Homily December 16, 2012 Third Sunday of Advent
The readings for today present the theme of rejoicing, peace. expectation, thanksgiving. Zephaniah’s passage today is the only positive passage found in the book of this so-called prophet of doom. The coming of the Lord and the hope involved is reason for joy. Israel putting negative sinful ways behind them will leave room for joy even in desperate times. Paul today is again talking to the Philippians and reminding them to get it together. They should be rejoicing in the Lord always. The persecution and the hard times they are experiencing and their internal difficulties and even Paul’s imprisonment didn’t seem like reasons to rejoice, but Paul was reminding them that the nearness of God was reason enough for rejoicing.
In the Gospel, Luke presents John the Baptist again this week as the preparer for Christ to come. He was a stark and startling figure coming at an unexpected time to the waiting Jews. So it is for us even today. It is a to open ourselves to a new beginning, to a realization of the Lord’s nearness and presence. Now IS a time to put aside our sinful and negative ways and feelings of guilt and to take up the joyfulness of the banquet of life Christ calls us to. Rejoice always in the Lord, rejoice always in each other. Did not Jesus tells us when two or three gather in his name, He is there. This is the reason for our joy and celebration. Even in our daily sometimes humdrum lives we should still rejoice in the Lord, we should rejoice in what we have. For what we have really is not things but each other. That is why we reach out so tirelessly to others in this Advent Christmas time and hopefully throughout the year.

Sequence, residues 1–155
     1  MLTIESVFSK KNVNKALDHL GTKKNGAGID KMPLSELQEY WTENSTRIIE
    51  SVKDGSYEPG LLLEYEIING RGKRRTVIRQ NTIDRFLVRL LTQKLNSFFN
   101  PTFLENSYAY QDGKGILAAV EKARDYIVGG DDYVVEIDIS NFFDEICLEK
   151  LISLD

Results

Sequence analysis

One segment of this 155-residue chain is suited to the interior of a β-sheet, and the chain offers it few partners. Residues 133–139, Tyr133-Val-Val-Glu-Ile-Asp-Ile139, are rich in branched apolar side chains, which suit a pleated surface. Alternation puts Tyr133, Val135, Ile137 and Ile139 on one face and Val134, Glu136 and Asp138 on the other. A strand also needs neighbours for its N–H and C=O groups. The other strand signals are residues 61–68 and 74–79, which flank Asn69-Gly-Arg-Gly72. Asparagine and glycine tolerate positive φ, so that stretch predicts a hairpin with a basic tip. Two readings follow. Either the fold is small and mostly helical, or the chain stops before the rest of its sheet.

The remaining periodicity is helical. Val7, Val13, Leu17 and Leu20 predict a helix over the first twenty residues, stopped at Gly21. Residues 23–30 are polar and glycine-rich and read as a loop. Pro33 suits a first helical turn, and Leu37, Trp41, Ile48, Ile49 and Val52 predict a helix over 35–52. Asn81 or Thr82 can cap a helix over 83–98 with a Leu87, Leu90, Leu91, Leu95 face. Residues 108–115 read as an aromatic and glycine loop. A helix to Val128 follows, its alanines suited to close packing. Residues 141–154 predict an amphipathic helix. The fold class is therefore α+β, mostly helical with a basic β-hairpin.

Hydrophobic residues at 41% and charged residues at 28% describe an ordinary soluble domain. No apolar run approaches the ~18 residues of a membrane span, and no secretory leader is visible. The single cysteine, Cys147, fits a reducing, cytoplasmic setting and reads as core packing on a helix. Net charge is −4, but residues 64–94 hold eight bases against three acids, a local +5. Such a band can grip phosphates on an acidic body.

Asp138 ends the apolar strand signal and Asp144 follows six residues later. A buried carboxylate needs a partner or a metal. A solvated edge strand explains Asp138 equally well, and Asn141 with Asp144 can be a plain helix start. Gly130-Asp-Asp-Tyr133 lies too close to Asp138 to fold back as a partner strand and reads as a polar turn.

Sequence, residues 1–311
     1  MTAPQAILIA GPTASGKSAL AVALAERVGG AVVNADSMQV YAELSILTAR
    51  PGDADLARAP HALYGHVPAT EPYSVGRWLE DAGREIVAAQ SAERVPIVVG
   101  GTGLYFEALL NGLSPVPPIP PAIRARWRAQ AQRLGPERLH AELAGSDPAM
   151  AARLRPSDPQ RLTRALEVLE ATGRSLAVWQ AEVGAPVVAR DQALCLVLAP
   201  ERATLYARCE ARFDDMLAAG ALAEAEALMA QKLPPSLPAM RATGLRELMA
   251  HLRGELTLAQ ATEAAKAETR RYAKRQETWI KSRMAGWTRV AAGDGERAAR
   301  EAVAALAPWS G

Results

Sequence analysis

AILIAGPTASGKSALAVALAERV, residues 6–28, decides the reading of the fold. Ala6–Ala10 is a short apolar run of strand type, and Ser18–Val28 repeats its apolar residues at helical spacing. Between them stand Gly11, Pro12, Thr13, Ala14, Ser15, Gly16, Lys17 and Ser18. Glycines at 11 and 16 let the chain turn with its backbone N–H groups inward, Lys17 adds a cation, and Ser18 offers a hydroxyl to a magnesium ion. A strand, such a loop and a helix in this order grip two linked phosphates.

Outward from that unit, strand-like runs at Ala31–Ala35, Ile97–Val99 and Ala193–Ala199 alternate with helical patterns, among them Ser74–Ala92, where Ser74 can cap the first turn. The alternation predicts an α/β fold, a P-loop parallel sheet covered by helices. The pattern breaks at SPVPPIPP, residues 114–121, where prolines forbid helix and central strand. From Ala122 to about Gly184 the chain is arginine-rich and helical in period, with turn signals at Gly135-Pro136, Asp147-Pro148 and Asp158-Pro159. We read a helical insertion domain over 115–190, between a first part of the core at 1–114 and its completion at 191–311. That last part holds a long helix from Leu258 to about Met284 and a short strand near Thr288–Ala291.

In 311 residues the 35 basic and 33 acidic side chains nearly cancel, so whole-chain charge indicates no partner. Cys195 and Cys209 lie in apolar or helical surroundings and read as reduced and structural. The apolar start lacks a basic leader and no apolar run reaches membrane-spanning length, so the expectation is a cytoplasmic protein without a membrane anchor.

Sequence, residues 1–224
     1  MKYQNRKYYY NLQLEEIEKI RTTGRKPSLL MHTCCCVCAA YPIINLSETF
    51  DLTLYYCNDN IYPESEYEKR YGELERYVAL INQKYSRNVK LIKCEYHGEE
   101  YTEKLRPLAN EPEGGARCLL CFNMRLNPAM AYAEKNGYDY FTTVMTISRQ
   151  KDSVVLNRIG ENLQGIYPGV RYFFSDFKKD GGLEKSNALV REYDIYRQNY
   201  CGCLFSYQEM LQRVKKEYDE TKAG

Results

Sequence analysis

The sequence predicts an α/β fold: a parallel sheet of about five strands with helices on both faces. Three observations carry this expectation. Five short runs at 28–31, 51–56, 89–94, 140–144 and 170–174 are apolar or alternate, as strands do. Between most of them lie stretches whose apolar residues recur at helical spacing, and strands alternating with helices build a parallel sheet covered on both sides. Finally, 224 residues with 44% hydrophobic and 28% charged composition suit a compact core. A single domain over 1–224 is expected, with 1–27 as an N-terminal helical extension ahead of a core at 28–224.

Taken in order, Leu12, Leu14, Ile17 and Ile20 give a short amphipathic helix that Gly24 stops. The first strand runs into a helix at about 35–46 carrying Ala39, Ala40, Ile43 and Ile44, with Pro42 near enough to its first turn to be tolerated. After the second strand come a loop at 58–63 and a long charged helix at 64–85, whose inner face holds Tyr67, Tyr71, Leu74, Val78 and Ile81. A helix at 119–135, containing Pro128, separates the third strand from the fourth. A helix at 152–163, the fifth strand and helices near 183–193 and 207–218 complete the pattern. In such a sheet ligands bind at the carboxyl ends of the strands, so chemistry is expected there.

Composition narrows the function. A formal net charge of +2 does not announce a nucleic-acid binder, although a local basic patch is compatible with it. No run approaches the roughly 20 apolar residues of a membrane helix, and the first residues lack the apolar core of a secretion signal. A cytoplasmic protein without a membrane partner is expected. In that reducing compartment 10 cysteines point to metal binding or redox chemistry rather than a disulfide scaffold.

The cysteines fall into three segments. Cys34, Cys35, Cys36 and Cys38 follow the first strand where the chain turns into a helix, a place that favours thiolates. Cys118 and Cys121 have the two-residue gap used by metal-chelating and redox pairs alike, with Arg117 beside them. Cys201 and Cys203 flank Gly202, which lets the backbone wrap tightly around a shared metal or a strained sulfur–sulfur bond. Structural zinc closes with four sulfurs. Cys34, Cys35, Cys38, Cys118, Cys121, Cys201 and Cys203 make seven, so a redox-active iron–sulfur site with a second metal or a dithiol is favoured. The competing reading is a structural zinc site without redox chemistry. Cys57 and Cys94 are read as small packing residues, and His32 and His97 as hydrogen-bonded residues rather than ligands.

Most importantly, as we reach out, we should seek those who have lost the joy of this time, who find the celebrations depressing who feel lost or lonely or separated for one reason or another. Who knows what can trigger the violence we’ve seen this week, but all the more we should be aware of the lost and lonely around us. Open up bring them into our loving community and try to bring the nearness of God to them. While anxieties and depression and worries remain, the Lord’s nearness puts all things in perspective and brings us to a true sense of thanksgiving and ultimately to our Eucharistic thanksgiving on Christmas.